What Anthony Bourdain Taught Me About the Similarities Between Cooks and Designers

Perhaps the least unique thing about me is that I am a huge fan of Anthony Bourdain. His storytelling style. His personal style. The way he exposed audiences to people and cultures through food, drink, and adventure. The way he pushed himself and the team around him to go bigger, deeper, weirder.

A couple weekends ago, I read his book, Kitchen Confidential. In it, Bourdain details his personal journey through life as a chef–telling stories of the people and places he encountered.

Anthony’s path was filled with learning, struggle, and sprinkles of success. Almost immediately I started to note parallels between Tony’s experiences and personal philosophies in his chosen craft of cooking to mine in design. I took note of a few wisdom-filled passages and how I felt they applied to my industry.

On dedication and professionalism:

Cooking is a craft, I like to think. And a good cook is a craftsman – not an artist. There’s nothing wrong with that: the great cathedrals of Europe were built by craftsmen – thought not designed by them. Practicing your craft in expert fashion is noble, honorable and satisfying. And I’ll generally take a standup mercenary who takes pride in his professionalism over an artist any day. When I hear ‘artist’ I think of someone who doesn’t think it necessary to show up at work on time.

I have long held the belief that design is a craft more than it is an art. The mark of an accomplished designer is the ability to convey the important parts of a communication with the fewest visual elements. To bring clarity through simplicity. Beauty is, or can be, a byproduct of this exercise in minimalism.

Skilled designers have a tried, logical process. Design is more organization, logic, and science than it is fine art or expression. Because the human brain is programmed to look for exceptions to absolutes, I will grant you that designers who specialize in custom typography or album artwork may identify more as artists. Still, it’s true that the majority of designers chief responsibility is to whittle away at the extraneous to arrive at the core of a message.

The best of us search for what can be removed versus what can be added. We insist on hierarchy, alignment, balance, and contrast–all repeatable and observable principles we dutifully re-apply project after project.


On reliability:

Skills can be taught. Character you either have or don’t have. Bigfoot understood that there are two types of people in this world: those who do what they say they’re going to do – and everyone else.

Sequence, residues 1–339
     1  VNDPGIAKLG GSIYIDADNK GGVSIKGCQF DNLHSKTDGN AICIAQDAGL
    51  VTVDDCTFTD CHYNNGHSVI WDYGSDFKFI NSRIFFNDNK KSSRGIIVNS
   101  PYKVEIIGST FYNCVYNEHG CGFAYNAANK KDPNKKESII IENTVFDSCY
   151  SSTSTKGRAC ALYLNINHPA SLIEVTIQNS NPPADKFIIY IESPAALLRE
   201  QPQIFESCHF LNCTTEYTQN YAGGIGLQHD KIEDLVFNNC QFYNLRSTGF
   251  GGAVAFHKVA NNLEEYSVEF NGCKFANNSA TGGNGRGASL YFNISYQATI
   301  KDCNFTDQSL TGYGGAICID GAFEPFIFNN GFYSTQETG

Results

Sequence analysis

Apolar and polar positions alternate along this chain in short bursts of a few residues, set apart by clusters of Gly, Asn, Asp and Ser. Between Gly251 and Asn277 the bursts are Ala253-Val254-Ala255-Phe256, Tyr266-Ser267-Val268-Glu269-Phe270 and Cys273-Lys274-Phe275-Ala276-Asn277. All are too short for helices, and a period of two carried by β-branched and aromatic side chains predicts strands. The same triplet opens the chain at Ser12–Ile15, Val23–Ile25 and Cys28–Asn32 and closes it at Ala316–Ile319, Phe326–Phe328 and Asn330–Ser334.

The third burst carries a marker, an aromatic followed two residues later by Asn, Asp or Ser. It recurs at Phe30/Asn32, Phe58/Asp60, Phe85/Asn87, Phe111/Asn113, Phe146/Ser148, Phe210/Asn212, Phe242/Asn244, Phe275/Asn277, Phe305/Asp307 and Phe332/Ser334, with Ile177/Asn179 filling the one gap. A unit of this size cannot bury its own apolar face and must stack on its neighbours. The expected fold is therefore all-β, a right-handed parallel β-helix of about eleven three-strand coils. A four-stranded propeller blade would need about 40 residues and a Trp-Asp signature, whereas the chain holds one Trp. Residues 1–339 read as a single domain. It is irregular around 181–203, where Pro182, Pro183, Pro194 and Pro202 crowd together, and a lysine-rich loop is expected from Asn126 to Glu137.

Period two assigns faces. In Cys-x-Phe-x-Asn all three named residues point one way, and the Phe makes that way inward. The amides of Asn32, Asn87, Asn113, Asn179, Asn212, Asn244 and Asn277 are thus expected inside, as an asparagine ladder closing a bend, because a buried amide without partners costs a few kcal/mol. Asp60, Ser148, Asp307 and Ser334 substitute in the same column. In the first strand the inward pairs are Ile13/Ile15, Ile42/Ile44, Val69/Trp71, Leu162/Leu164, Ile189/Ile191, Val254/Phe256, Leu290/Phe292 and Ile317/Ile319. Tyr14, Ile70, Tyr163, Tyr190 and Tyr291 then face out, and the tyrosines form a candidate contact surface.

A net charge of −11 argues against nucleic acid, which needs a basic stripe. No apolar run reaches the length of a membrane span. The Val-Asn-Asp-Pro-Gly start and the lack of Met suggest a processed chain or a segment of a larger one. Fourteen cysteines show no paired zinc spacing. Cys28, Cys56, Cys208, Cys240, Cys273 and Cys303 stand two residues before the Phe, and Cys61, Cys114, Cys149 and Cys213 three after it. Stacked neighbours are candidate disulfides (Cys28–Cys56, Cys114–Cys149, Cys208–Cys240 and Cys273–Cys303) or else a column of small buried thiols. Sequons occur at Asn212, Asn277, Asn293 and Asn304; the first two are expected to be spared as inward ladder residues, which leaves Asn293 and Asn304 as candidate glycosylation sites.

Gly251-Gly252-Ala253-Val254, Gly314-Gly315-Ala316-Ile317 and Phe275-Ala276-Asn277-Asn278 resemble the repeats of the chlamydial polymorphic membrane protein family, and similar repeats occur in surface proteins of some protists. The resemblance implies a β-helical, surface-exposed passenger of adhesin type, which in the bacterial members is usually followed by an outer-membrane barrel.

I look at design as a practice and believe that work ethic and consistency trump brilliance that relies on inspiration. I believe creativity expressed through design is a result of discipline.

When hiring, I look for someone with high confidence and low ego. A person who can explain the why behind their output, is liked by teammates, and completes a high volume of work with proficiency. Someone who isn’t above any task, meets deadlines, and speaks up when deadlines are at risk.

There is nothing more poisonous to a team dynamic than arrogance. I would sooner choose a teammate that comes with less natural talent but brings blue-collar work habits over a brilliant flake. As it relates to design, I appreciate a clear viewpoint and process over talented expression with no discernible philosophy.

On preparation:

Do not **** with the ‘meez’ – meaning their set-up, their carefully arranged supplies of sea salt, rough-cracked peppers, softened butter, cooking oil, wine, back-ups and so on. As a cook, your station, and its condition, its state of readiness, is an extension of your nervous system – and it is profoundly upsetting if any other cook, or, God forbid, a water  – disturbs your precisely and carefully laid-out system.

No fingertips on my monitor.

But seriously, the concept of mis-en-place (“meez”) is relatable. Think about your productivity when working at home on your laptop (or on a brand new machine) versus at the office with your dual monitor setup. Ever tried to work on another designers’ machine without your carefully selected typefaces, creative cloud libraries, and browser plugins/bookmarks? Hard pass.

Although our desktops can turn into digital junkyards in mere hours, organization or “working clean” pays dividends for designers. I recall my colleague Michaela Reubel telling her team of project managers to “go slow so you can go fast” related to organizing files on their machine (go slow) so that when you’re running around before a deadline, you can find what you need (go fast).

Above are just a few of the nuggets of wisdom from a book I was long overdue on reading. The ideas, flavors, and philosophies Bourdain shared with his viewers over several years of inspiring television will not soon be forgotten by me, or millions of others around the globe.

Thanks, Chef.

Anthony Bourdain’s Kitchen Confidential is available on Kindle for about $6.